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ARI SHAPIRO, HOST:

We're going to look now at some of the mysteries behind one of the deadliest diseases humanity has ever faced. There's a lot about smallpox that remains unknown, like where it came from and how it became such a killer. Now scientists have found a clue in a 17th century mummy. NPR's Nell Greenfieldboyce reports.

NELL GREENFIELDBOYCE, BYLINE: In Lithuania, there's a church with a crypt that contains the remains of hundreds of people. A couple dozen of the bodies somehow dried out and became well-preserved natural mummies, including part of a corpse that was found there with no coffin.

ANNA DUGGAN: It's just the lower extremities, so there's no associated torso or head.

GREENFIELDBOYCE: Anna Duggin is a researcher at McMaster University in Canada. She says these legs belonged to a young child...

DUGGAN: ...Estimated to be two to four years of age...

GREENFIELDBOYCE: ...Probably a boy who lived around 1665. Her team got a bit of the mummy's skin and did DNA tests to see if they could recover any ancient viruses.

DUGGAN: Because while ancient pathogen research is kind of a booming field right now, most of what's been done is actually bacterial. There's very little viral work.

GREENFIELDBOYCE: Well, they turned up one ancient virus - smallpox. This is the oldest complete set of smallpox genes ever found. Scientists were able to compare this DNA to the DNA of more modern smallpox viruses, ones collected in a few decades before 1977. That's when a global vaccination campaign wiped out smallpox from nature. In the journal Current Biology, the researchers report that all of these strains - the ancient and more modern - seem to have shared a pretty recent common ancestor, a virus that was out there around 1588 to 1645. And biologist Paul Keim says that seems to kill some theories about smallpox.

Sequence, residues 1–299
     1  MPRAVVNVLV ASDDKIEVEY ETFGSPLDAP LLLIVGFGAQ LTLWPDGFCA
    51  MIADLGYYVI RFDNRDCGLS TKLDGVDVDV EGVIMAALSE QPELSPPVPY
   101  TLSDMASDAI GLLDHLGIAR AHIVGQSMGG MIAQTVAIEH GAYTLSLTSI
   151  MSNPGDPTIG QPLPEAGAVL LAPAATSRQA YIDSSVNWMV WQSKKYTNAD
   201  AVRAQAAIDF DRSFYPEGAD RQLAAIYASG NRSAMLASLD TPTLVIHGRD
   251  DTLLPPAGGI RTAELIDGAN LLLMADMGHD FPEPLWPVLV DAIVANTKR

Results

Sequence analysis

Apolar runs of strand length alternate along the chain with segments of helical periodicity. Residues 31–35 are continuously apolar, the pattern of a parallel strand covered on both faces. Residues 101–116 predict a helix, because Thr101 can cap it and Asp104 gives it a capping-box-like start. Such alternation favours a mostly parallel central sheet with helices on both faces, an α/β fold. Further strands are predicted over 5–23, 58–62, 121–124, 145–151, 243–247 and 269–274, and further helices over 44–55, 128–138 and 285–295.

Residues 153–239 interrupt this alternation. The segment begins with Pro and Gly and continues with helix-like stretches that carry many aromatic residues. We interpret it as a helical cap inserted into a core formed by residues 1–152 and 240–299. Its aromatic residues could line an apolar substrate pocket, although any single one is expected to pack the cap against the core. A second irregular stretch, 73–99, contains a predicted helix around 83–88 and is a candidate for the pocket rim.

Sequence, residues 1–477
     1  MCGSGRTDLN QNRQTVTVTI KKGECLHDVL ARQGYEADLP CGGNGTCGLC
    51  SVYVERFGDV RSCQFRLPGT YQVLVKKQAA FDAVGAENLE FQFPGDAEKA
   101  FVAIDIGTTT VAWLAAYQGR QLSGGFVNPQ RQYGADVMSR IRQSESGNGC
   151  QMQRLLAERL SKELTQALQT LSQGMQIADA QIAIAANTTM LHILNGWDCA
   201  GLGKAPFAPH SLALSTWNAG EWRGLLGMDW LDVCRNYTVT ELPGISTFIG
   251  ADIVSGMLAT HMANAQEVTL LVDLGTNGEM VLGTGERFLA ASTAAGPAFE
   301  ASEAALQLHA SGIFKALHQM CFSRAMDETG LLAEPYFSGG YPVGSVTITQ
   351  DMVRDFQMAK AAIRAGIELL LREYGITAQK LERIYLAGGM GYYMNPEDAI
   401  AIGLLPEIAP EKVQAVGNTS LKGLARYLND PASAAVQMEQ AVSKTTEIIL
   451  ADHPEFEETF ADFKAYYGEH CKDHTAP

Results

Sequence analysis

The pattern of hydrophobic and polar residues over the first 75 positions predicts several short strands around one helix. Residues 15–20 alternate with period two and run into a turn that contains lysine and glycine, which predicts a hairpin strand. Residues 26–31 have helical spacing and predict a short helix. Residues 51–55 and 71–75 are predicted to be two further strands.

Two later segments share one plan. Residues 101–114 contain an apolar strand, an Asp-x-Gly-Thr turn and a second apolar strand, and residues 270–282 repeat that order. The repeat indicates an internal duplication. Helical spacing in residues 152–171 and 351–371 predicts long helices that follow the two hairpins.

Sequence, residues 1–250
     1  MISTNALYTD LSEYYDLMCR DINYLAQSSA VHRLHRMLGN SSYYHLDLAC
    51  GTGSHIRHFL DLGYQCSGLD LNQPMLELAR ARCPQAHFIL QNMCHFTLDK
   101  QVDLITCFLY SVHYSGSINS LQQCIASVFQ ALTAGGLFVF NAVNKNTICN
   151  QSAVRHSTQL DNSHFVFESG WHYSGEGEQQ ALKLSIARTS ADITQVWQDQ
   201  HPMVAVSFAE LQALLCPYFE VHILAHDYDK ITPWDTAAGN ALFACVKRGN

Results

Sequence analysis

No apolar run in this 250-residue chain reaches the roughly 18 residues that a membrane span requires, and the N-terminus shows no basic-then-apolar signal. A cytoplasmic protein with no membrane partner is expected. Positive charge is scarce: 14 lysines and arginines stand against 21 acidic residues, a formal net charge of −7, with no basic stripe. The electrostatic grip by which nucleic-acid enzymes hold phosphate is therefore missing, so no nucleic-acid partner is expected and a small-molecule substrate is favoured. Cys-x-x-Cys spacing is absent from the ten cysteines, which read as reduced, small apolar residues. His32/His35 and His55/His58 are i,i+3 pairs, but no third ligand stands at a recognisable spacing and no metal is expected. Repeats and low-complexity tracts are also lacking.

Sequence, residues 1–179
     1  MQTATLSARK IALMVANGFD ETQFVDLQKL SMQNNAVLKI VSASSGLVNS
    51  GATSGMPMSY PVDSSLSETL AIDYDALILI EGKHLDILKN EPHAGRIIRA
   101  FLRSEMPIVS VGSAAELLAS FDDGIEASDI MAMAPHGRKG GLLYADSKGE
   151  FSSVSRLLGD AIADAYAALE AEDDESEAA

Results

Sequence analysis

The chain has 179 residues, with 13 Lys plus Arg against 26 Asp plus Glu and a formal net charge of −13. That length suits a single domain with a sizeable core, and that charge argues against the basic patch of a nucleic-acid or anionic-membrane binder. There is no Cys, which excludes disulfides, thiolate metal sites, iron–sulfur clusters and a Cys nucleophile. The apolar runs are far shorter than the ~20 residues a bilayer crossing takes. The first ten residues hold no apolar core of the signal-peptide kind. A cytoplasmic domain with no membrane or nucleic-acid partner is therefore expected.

PAUL KEIM: You know, there were other models out there that were arguing that contemporary strains had gone back thousands of years, and that doesn't look like the case.

GREENFIELDBOYCE: Keim is from Northern Arizona University. He didn't work on this study, but he has used DNA of ancient plague bacteria to trace the history of that disease. He says with only one sample of ancient smallpox DNA, you can't draw too many conclusions.

KEIM: All we can really say is that the smallpox that was trafficking around the world there at the end of its existence can be traced back to the 17th century.

GREENFIELDBOYCE: Still, the link to the early 17th century is tantalizing. Hendrik Poinar is director of McMaster University's ancient DNA center.

HENDRIK POINAR: That date is coincident with many outbreaks within Europe.

GREENFIELDBOYCE: Poinar says historical records suggest that a shift occurred about that time, with smallpox becoming more virulent, but there is evidence that some versions of the virus were around long before that. There's even signs of pockmarks on 3,000-year-old mummies from Egypt.

POINAR: Whether or not those are real smallpox or measles or something else remains, I think, a question.

GREENFIELDBOYCE: He's hoping to get more ancient DNA samples to find out. The biggest question is where smallpox came from in the first place. What's unusual about this virus is that it only infects people.

POINAR: So it seems really to be human-specific.

GREENFIELDBOYCE: Scientists think smallpox may have jumped into humans from an animal, but they don't know what animal or when or how.

POINAR: I find that fascinating. I mean, this is a major pathogen that's caused tremendous mortality, morbidity in humans.

GREENFIELDBOYCE: He says understanding its history is really important because there's other viruses out there that could pose a threat. Nell Greenfieldboyce, NPR News. Transcript provided by NPR, Copyright NPR.